NEW YORK – U.S. consumer sentiment dropped more than expected in June to its weakest in 10 months, as higher gasoline prices dampened consumers' mood and pushed up their expectations of inflation in the near-term.
The Reuters/University of Michigan Surveys of Consumers said the preliminary reading on the June consumer sentiment index showed a decline to 83.7 from 88.3 at the end of May.
The decline was much sharper than forecast by economists, who had expected a median reading of 88.0 in a Reuters poll.
The decline in consumer confidence in June was "hardly surprising", the Reuters/University of Michigan survey said, however, noting that U.S. gasoline prices have topped $3 per gallon for six straight weeks.
"It is a bit disappointing, but understandable, given the weight of higher gasoline prices," said Cary Leahey, senior managing director at Decision Economics in New York. "A little increased near-term inflation jitters and people are obviously concerned about the outlook."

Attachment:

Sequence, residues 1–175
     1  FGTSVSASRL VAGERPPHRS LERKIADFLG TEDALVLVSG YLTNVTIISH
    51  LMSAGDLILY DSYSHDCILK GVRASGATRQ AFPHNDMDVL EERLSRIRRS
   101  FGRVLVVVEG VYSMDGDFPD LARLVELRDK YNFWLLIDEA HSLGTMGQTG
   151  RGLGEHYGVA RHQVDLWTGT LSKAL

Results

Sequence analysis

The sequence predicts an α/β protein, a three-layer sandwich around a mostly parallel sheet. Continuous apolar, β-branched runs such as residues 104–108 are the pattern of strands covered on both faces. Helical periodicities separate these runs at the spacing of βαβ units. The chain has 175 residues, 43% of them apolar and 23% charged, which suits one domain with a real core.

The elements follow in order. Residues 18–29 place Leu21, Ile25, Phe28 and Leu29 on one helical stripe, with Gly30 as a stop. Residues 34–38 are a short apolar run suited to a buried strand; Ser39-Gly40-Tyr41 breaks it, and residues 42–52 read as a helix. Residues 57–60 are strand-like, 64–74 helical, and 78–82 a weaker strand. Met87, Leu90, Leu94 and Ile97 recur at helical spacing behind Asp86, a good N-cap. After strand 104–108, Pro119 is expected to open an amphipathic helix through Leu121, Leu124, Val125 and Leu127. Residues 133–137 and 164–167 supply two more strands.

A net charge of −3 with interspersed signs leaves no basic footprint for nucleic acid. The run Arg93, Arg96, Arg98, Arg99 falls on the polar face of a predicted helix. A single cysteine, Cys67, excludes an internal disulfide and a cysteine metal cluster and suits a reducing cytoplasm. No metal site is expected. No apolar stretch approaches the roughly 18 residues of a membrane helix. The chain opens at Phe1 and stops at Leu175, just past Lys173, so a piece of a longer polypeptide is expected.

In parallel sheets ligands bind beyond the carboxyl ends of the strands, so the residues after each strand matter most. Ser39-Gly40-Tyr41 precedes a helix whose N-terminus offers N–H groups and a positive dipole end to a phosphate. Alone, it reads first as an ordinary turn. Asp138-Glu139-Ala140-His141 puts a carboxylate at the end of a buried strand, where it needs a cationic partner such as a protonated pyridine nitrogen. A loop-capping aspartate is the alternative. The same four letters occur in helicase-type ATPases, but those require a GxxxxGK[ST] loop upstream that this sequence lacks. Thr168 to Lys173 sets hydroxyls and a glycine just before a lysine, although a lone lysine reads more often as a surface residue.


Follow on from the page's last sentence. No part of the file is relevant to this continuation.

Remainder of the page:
Financial markets took the number in their stride, with stocks holding on to solid gains and U.S. Treasury bonds also rallying after a tame reading on U.S. inflation earlier in the day.
The survey's gauge of current consumer conditions was 100.2 in June versus a May reading of 105.1, while its final measure on consumer expectations was 73.0 versus 77.6 at end-May.
Its one-year inflation index edged up to 3.5 percent, the highest in 10 months, from 3.3 in late May. The five-year index, however, edged down to 3.0 percent from 3.1 percent.
The survey said that although 1-year inflation expectations had edged up, "the data still indicate that consumers do not anticipate an escalating core inflation rate."
The Reuters/University of Michigan Surveys of Consumers, a monthly series of data on U.S. consumer sentiment, are produced by the University of Michigan in Ann Arbor, Michigan. From January 2007, Reuters has exclusive rights to distribute the data.